Tell us about your background.
I was born in England and spent a lot of my formative years in London and Yorkshire. I have also lived and went to school for a few years in Ghana, West Africa. My father was in the Navy so we were fortunate to experience and travel to many places. After undergrad, I went college in Washington DC and once I graduated, got a job and stayed in that area for many years. We moved to Texas at the end of 2017. I have been married to a wonderful husband for 17 years and I have a 7-year-old daughter.
What led you into healthcare?
That is actually an interesting story. Growing up, my dad told me he knew I would be in healthcare. From an early age, I excelled in math and science. He wanted me to be a medical doctor but I had the notion that I would be a chemist. More specifically a chemist who developed perfume. In the meantime, I needed volunteer credits for school, so I volunteered in the physical therapy department at Guy’s hospital in London. I was sent to the pharmacy routinely to pick up topical medications or DME and I always noticed a man in the back of the pharmacy mixing what I imagined were potions. I was intrigued and was told he was the chemist. When I told my dad about it, he put me in touch with a professor of pharmacy he knew at Howard University and the rest is history. I completed my Bachelor’s degree in Pharmacy at Howard and my Doctor of Pharmacy degree at Shenandoah University. I have worked most of my career in hospital pharmacy. I have been fortunate to work for wonderful organizations including the one I work for now.
What are some things you enjoy doing in your free time?
I love all kinds of music, with jazz being my favorite and more so when I can listen to it live. My daughter loves music too, so my best times are when we get to listen, sing and dance to great music. I also love to cook (again with music in the background) although I don’t do it as often as I would like. Finally, I have a big, loving family so anytime I get to spend quality time with any of them, some of whom live locally, I consider it a blessing and joy.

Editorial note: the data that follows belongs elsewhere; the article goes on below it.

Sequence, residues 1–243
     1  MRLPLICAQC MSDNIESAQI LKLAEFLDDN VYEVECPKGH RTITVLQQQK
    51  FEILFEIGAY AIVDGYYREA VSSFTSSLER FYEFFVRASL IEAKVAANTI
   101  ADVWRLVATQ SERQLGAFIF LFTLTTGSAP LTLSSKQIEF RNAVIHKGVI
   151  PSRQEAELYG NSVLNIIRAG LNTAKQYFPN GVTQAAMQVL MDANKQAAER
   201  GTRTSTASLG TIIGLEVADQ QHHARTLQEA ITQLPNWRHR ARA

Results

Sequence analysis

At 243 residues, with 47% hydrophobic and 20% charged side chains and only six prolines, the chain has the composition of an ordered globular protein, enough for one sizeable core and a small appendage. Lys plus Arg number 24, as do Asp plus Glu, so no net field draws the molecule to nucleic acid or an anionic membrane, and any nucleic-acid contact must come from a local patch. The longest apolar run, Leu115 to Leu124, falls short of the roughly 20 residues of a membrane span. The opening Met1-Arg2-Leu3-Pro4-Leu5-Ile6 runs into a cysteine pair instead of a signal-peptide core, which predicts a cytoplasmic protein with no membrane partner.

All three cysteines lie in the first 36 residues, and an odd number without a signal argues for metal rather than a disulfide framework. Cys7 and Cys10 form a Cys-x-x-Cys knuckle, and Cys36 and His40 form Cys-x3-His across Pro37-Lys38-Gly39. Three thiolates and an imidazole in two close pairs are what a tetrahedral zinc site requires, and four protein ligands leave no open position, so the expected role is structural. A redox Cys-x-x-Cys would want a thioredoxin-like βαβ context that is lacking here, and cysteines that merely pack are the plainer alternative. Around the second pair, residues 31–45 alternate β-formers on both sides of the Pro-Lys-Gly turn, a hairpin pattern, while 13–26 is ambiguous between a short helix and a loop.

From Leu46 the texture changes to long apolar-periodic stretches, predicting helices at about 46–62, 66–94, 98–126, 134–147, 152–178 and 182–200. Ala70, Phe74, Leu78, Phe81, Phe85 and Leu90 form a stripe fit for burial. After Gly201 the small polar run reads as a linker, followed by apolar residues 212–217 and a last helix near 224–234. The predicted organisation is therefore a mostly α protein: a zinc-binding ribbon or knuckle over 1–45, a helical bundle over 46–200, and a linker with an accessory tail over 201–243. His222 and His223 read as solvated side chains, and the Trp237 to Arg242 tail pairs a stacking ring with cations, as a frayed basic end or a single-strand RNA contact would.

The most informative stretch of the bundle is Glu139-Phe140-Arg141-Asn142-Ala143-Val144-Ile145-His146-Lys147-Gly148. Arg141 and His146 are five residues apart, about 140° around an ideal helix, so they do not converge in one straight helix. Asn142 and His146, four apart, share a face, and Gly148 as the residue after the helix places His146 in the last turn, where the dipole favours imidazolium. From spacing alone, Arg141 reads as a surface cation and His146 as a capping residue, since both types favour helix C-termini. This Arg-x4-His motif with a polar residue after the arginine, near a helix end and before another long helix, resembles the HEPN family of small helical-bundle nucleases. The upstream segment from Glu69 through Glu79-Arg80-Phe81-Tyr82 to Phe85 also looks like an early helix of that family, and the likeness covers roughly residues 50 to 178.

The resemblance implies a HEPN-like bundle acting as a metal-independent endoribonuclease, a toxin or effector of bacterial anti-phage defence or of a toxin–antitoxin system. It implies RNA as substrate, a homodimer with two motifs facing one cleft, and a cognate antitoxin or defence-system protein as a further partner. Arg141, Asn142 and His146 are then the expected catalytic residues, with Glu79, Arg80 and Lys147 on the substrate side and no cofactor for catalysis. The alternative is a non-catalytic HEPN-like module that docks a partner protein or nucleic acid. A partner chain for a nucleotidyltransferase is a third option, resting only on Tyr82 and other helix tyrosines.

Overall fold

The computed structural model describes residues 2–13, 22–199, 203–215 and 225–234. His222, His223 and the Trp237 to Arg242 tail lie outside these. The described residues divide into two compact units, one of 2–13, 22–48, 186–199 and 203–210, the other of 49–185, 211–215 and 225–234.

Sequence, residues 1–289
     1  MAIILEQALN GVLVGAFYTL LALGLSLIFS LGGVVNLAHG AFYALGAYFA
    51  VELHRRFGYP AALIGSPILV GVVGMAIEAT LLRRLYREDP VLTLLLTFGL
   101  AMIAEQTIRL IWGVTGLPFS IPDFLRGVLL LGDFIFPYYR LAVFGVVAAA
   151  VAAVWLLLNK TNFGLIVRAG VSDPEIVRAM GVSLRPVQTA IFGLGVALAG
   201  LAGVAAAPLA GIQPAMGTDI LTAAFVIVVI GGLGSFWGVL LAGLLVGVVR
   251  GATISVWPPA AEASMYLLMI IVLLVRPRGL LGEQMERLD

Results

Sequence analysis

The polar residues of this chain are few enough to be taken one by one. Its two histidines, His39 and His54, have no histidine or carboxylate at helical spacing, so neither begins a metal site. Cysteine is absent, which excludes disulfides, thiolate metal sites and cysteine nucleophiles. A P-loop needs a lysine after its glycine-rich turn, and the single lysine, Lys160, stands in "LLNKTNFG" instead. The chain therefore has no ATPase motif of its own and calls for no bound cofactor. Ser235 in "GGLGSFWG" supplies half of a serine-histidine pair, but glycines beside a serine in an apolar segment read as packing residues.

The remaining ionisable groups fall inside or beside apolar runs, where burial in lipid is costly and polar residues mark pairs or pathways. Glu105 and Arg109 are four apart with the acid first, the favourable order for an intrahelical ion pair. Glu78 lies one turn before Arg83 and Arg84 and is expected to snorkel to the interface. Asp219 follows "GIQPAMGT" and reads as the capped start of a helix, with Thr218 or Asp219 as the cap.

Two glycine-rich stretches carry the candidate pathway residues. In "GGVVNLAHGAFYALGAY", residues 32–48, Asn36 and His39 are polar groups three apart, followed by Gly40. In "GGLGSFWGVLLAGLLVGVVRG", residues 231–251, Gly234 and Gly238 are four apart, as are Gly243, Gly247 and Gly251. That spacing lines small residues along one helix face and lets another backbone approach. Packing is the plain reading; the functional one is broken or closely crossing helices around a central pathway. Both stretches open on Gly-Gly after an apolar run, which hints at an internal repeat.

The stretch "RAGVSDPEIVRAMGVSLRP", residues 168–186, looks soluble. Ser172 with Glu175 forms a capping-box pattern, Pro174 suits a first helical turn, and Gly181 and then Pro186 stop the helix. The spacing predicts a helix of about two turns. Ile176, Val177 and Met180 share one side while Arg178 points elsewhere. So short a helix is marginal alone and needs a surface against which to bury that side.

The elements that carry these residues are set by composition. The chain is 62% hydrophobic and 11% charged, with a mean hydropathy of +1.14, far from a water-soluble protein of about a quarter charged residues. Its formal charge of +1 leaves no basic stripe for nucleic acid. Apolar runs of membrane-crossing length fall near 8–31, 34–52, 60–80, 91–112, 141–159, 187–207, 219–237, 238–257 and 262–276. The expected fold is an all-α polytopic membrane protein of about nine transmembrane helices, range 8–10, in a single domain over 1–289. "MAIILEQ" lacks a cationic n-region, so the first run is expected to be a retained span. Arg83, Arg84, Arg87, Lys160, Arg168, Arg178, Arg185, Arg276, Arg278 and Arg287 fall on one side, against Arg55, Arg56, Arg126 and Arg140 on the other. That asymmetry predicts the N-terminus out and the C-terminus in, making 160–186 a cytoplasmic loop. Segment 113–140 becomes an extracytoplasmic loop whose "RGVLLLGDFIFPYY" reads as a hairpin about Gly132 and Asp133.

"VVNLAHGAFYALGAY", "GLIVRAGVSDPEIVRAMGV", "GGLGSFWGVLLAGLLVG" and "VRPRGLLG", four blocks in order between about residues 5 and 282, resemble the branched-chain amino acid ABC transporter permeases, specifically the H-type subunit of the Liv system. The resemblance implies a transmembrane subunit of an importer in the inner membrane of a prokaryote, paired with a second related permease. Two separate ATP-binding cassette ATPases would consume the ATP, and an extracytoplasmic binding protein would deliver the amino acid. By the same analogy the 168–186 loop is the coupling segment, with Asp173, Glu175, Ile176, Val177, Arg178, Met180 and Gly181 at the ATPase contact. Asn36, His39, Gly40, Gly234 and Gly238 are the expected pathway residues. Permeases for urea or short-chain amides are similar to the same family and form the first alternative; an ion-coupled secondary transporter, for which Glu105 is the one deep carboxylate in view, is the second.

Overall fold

What is the best piece of advice you received early in your career?
My parents always told me to “beware of the company you keep” because, essentially, they are a reflection of who you are or want to be. And then later in my first supervisory role, my boss at the time, told me to surround myself with people who challenge me but also those who inspire and motivate me. It is the same message based on the application and I have made every effort to follow that in my life and my career.
What do you think is the most valuable part of the FACHE journey?
I would have to say the commitment to be a lifelong learner for our own benefit, but also for the benefit of the communities we serve and the people we work with and lead. The resources provided by ACHE to do exactly that have been so helpful. Also, learning more about my role as a member and now a fellow and having the opportunity to meet and connect with other members in the local chapter have been valuable.
What do you think is the most important skill to have as a healthcare leader today?
It is hard to focus on just one. I would say empathy, gratitude and humility have become more important to me after this last year and a half. The way I see it, we can hit our targets and make margin, all while doing the things we do as successful healthcare leaders, but without continuing to hone in on these skills with our teams and each other, the rest does not mean much.
-Interview by Laura Gomez